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Exceptions to the Early Withdrawal Penalty on an IRA or 401(k)

Submitted by Leo McKittrick on Fri, 10/26/2012 - 11:16am
McKittrick & Associates do not provide legal or tax advice. We want you to have the necessary information to make an informed decision. We strongly suggest that you seek professional advice.

Many IRA and 401(k) owners are aware they can be hit hard with a federal penalty fee if they withdraw money early. Fortunately, there are ways to avoid this fee if an emergency or other qualifying circumstance occurs. Before we begin, let me say that even with these allowances, you should make every effort to avoid taking money out of your retirement account(s) early, especially if you are young. By withdrawing your money, you are losing decades of tax-free compounding which can cost you hundreds of thousands of dollars by the time you retire.

1. Permanent disability of IRA or 401(k) owner
Money can be withdrawn without penalty in the event the IRA or 401(k) holder becomes permanently disabled.

2. Death of IRA or 401(k) owner
If you pass on before you're 59 1/2 years old, your heir(s) or estate won't be hit with the 10% early withdrawal fee.

3. Withdrawals are used to pay non-reimbursed medical expenses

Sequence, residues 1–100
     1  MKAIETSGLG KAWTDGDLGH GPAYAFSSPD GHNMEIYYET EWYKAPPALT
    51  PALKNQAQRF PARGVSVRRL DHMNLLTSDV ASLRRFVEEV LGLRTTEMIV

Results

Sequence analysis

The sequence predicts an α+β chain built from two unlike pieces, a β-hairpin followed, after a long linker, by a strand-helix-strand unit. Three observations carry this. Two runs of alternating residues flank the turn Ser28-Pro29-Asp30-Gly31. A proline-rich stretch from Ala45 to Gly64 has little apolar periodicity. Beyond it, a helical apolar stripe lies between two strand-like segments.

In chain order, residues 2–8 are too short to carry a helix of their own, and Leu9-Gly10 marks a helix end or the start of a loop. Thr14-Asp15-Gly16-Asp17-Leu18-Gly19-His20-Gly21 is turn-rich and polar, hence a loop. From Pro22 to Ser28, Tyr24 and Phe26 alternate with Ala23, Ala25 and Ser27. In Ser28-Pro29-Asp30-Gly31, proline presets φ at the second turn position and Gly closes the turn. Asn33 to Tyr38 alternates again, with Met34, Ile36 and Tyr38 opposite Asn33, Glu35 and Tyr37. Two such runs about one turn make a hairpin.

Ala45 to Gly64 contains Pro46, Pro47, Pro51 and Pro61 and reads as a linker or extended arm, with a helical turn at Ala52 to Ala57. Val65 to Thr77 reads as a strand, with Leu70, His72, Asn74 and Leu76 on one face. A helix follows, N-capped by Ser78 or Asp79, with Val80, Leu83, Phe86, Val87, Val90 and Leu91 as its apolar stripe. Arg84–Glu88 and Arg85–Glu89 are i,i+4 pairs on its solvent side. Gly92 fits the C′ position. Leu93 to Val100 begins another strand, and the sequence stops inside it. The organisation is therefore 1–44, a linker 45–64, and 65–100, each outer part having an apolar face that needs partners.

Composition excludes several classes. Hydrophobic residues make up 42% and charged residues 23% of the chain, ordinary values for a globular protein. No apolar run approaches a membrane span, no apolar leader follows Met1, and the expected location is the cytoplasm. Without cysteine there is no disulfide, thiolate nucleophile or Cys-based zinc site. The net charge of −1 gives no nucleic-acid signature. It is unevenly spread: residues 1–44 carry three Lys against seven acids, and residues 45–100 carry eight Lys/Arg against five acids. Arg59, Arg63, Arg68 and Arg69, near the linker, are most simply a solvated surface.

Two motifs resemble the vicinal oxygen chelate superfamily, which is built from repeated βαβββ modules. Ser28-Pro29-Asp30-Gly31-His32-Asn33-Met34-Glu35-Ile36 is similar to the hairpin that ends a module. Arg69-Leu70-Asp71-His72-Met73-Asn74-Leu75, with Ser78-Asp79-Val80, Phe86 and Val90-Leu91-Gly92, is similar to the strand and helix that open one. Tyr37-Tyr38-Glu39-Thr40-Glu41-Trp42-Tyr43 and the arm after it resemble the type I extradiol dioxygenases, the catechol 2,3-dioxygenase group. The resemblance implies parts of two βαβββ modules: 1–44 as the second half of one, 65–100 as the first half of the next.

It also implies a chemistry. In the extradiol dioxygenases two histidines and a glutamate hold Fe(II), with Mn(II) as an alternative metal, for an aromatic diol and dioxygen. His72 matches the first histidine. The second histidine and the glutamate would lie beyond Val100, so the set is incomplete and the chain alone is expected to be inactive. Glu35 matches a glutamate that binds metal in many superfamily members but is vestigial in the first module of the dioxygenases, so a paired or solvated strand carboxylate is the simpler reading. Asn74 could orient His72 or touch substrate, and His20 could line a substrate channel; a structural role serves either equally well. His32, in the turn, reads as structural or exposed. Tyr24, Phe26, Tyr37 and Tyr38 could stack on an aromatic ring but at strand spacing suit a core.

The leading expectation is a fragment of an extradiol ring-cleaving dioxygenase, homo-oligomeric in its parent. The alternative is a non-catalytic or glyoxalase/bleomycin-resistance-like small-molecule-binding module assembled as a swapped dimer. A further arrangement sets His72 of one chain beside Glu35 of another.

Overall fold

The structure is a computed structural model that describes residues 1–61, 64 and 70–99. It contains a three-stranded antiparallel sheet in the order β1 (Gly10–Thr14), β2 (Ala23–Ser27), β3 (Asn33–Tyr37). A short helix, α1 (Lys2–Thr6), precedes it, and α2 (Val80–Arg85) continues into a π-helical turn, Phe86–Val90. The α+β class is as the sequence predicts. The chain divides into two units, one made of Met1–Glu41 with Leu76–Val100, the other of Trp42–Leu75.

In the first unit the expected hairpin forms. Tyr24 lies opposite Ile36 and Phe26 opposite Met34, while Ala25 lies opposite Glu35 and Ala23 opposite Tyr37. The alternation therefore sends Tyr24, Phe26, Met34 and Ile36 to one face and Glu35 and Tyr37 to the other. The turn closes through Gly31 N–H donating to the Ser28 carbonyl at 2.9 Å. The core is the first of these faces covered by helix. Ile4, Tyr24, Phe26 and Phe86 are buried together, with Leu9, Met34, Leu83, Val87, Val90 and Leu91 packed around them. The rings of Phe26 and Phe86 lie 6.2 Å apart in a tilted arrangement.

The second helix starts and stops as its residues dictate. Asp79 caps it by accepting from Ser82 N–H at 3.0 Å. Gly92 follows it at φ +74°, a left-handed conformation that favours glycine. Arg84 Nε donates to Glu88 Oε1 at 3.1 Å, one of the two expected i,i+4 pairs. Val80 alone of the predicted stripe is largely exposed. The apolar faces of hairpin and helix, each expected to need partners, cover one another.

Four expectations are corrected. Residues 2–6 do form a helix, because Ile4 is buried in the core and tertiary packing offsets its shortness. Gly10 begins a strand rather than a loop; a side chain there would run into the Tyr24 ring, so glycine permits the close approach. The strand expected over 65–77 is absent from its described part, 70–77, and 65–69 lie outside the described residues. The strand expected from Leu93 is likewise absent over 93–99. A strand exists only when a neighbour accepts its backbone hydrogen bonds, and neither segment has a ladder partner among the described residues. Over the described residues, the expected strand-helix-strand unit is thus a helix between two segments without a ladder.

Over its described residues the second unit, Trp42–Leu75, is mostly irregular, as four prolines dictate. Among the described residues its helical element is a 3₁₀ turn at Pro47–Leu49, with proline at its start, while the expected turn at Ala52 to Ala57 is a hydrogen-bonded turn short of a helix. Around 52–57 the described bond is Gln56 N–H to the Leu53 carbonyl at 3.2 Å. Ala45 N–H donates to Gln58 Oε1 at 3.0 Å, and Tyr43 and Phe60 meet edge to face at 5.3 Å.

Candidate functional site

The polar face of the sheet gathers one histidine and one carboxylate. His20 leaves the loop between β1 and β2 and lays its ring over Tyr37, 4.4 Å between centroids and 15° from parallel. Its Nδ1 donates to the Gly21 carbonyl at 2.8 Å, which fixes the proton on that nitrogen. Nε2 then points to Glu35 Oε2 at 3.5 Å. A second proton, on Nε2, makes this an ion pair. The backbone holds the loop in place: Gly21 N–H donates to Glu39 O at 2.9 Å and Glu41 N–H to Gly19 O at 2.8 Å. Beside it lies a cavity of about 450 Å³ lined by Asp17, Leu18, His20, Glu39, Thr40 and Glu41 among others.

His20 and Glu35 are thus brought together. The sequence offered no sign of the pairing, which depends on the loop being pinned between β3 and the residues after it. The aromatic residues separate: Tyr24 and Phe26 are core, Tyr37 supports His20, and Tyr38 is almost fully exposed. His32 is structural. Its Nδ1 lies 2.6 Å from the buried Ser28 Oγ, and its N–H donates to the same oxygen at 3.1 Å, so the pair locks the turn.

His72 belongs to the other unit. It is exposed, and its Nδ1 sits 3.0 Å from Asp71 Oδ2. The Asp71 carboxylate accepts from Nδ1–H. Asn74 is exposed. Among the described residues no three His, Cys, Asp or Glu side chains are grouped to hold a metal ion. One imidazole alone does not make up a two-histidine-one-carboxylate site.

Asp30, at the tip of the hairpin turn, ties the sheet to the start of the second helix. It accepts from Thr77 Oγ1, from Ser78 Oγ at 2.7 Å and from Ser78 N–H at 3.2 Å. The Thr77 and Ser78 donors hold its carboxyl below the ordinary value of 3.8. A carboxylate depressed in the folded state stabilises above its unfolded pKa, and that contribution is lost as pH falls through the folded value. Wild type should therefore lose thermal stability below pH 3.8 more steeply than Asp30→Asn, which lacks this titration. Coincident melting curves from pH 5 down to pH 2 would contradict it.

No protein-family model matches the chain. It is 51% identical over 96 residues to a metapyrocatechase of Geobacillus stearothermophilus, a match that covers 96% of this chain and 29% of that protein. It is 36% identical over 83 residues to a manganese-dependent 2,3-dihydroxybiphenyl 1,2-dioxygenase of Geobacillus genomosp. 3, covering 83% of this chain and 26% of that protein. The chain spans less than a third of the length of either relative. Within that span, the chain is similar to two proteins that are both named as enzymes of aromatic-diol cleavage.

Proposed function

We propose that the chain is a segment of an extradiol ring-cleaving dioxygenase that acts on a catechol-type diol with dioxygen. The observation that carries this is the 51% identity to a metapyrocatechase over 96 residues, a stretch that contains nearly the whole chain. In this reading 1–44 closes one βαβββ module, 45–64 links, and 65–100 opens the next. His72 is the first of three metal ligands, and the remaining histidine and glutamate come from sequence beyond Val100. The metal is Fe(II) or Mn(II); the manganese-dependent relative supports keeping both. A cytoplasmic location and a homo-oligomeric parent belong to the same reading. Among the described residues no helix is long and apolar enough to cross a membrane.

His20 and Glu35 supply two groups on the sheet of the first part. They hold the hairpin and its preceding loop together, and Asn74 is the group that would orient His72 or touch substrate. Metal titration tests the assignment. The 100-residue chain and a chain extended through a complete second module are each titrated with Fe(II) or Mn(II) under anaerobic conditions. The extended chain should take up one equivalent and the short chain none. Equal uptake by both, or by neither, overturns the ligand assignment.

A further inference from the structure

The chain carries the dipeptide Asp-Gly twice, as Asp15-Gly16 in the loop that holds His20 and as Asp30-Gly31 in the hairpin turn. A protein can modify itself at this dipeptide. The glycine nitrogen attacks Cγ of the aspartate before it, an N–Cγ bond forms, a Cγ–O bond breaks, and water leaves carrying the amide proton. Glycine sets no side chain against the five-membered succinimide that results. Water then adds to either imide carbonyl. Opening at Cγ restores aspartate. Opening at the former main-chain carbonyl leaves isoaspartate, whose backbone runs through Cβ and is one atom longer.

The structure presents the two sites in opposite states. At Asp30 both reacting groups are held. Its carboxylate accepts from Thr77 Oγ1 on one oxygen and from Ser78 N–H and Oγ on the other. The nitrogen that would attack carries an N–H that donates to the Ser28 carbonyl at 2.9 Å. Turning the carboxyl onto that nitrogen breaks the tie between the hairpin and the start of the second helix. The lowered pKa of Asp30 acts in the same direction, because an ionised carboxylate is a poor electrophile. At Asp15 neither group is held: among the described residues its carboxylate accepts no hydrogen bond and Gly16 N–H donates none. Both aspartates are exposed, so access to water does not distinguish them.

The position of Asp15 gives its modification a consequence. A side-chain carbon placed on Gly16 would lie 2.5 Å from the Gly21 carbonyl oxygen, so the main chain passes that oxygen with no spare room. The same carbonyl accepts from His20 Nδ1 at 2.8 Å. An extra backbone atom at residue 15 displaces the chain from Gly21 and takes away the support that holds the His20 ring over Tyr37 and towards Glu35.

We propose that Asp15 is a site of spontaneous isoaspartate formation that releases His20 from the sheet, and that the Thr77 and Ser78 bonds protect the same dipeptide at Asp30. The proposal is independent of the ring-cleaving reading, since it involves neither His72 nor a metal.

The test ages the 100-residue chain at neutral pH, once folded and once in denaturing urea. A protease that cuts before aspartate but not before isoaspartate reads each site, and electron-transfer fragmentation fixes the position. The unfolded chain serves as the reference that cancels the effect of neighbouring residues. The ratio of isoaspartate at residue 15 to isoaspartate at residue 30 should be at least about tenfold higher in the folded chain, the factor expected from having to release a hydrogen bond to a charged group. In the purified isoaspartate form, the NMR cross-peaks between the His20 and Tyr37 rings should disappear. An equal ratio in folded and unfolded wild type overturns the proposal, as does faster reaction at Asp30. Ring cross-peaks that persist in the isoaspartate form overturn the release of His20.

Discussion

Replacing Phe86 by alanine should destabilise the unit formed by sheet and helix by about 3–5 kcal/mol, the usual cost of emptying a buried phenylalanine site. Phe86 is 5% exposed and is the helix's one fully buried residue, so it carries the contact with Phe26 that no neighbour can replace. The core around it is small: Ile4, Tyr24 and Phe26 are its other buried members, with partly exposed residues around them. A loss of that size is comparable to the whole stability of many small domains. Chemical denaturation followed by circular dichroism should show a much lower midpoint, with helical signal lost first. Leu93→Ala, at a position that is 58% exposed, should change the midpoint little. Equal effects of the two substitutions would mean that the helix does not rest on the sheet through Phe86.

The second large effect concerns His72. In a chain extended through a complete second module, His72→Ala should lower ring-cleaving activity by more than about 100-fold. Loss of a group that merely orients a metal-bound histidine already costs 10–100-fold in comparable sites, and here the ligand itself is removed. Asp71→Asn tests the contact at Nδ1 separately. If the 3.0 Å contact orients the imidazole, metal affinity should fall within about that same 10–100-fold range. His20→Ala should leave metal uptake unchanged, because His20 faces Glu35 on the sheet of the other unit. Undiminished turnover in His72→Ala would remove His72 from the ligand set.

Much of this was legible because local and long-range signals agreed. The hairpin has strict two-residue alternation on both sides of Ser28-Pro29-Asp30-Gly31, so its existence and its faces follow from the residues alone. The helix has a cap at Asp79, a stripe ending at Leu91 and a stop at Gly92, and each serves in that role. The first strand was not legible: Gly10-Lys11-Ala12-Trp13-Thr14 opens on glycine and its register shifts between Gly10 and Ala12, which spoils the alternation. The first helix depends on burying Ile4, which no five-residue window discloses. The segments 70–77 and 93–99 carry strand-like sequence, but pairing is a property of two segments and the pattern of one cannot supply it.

In the event of serious illness or injury that requires prolonged or expensive medical treatment, the IRS will waive the early withdrawal fee on the condition that the expenses you paid with the IRA money were for expenses in excess of 7.5% of your adjusted gross income. In other words, you need to pay 7.5% of your Adjusted Gross Income for the medical bills with your personal funds or credit cards!! Talk with your tax professional.

4. Withdrawals used to help pay for first-time home purchase
Despite a lifetime limit of $10,000, this exemption can make it much easier for an IRA owner to buy a house. This rule DOES NOT apply to the 401(k).

5. Higher education costs
College can be expensive. Thankfully, certain higher education costs for you, your spouse, children or grandchildren can be withdrawn penalty-free. You will probably still owe federal income tax on the amount withdrawn. For more information, read the Internal Revenue Service Publication 970 Tax Benefits for Education Expenses.

6. Money is used to payback taxes to the IRS after a levy has been placed against the IRA
This is not an exemption that you want to qualify for, but it may save you money if you find yourself in an unfortunate position with the IRS. This exception applies only to the IRA having an IRS levy placed against it, NOT an IRS levy against you personally or a business that you owe.

7. Withdrawals used to pay medical insurance premiums
Out of a job? You won't be penalized for using retirement money to pay your medical insurance as long as you have been on unemployment for longer than twelve weeks. You may owe federal income tax on the amount withdrawn.

8. Made on or after the day the IRA or 401(k) owner turns 59 1/2
Once you have reached the qualifying age of 59 ½ years old plus one day to be on the safe side, you can make penalty-free withdrawals.

There is one catch to these qualifying exemptions; the holder of an IRA is subject to a five year waiting period (measured in tax, not calendar years). An investor could not, for example, deposit $3,000 in their IRA this year and withdrawal it next year penalty-free even if it would otherwise qualify as an exemption. For example, you deposited $3,000 into your IRA for your 2011 IRA contribution on July 1, 2011. You cannot withdraw that $3,000 until January 1, 2017.